For some time I have intended to write a post on the economics of media now that the cost of manufacturing it has gone to nothing. Today I discovered that Chris Anderson, editor of Wired and author of The Long Tail" has written a book on the subject called "Free: The Future of a Radical Price", available in July. I will write a post after reading the book, here is an outline of what I expect it to say.
Firstly, as the TechCrunch post says, "As products go digital, their marginal cost goes to zero." It is now economic to give the product away, and make it up on volume. Closely related is the network effect, the more widespread that some piece of media is, the more "valuable" that it becomes. Barriers to media becoming widespread reduce the likelihood that it is seen or heard. Cost is definitely a barrier.
Moreover, putting a price on your media item creates the opportunity for others to price for free and undercut you. A good example is craigslist. It may not be quite what you think of as media, but craigslist is in the process of decimating the newspaper industry by destroying their market for classified advertisements. Craigslist makes their money by selling access to narrow niche markets, so it seems to fit in perfectly with Anderson's thesis.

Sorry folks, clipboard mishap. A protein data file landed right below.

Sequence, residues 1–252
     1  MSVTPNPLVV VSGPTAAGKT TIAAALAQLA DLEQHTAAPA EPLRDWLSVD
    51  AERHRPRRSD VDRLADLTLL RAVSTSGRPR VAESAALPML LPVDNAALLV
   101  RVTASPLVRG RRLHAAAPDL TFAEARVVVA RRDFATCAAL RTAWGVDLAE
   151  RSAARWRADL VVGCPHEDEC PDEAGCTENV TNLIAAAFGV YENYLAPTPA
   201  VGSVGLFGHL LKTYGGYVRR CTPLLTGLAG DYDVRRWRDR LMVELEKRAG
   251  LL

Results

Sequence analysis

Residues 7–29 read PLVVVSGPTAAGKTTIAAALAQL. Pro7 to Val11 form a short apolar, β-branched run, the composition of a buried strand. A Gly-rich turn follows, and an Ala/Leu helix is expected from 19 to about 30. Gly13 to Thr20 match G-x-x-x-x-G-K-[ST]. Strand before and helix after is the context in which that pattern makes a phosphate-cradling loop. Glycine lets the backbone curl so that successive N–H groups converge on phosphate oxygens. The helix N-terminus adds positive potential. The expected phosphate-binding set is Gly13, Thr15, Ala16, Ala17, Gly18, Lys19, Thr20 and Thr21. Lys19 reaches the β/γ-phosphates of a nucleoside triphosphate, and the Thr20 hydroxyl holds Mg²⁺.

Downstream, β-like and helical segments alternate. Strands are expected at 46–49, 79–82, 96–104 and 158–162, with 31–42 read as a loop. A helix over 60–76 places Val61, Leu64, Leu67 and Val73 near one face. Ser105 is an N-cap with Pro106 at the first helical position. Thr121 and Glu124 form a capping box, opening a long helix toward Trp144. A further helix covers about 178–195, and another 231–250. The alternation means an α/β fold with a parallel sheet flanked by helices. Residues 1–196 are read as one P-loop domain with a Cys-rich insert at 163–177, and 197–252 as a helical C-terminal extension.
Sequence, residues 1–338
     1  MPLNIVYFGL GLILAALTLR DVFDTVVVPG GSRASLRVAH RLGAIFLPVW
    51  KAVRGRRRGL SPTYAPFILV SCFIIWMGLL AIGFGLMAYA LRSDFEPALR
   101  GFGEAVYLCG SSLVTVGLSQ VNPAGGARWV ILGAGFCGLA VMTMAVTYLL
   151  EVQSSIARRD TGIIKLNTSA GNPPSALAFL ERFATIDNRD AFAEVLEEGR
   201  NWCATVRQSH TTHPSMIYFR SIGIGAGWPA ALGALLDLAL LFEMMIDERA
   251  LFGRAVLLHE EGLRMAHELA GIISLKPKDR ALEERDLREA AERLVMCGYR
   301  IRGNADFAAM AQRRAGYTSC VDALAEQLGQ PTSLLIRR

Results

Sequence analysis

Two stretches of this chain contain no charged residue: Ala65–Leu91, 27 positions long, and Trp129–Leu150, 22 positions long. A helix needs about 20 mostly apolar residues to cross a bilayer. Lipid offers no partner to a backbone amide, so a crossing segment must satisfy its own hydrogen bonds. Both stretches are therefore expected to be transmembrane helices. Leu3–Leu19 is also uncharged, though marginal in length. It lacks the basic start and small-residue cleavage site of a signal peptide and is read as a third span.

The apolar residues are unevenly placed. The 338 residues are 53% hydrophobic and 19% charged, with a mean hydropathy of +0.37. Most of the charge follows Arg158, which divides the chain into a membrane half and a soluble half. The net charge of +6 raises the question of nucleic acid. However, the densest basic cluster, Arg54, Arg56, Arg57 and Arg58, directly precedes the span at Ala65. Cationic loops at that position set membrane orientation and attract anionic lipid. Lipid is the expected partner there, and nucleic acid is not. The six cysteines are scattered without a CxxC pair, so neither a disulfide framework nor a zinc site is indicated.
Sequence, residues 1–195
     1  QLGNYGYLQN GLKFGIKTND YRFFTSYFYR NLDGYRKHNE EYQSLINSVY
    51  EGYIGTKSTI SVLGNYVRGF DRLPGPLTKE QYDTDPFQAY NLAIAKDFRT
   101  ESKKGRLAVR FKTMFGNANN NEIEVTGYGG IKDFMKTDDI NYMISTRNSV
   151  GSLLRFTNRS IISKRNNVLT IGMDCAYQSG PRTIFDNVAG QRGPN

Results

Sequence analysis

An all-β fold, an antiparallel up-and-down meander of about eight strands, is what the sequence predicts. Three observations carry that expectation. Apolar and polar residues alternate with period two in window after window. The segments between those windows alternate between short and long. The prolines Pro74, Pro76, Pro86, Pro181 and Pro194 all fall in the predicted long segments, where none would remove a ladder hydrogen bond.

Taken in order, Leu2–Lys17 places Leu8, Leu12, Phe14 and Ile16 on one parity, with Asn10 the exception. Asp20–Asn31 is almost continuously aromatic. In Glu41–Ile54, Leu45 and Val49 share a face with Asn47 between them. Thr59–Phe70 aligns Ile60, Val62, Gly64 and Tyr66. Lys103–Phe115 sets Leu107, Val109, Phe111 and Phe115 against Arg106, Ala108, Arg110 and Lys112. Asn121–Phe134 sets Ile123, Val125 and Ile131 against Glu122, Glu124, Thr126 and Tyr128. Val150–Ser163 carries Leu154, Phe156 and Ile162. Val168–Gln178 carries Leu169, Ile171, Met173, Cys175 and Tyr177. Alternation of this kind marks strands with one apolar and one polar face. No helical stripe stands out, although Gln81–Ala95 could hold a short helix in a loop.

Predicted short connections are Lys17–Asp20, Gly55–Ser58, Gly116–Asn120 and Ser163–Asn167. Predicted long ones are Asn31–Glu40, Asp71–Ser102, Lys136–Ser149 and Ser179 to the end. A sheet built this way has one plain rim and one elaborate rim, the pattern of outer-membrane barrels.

In the past I have written about the future of music and how musicians are moving to make their money from performance rather than from record sales. As goes music, so goes all media. My sister is currently writing a book. This last week she told me that she expects to make her living from touring to lecture on the books contents rather than from book sales.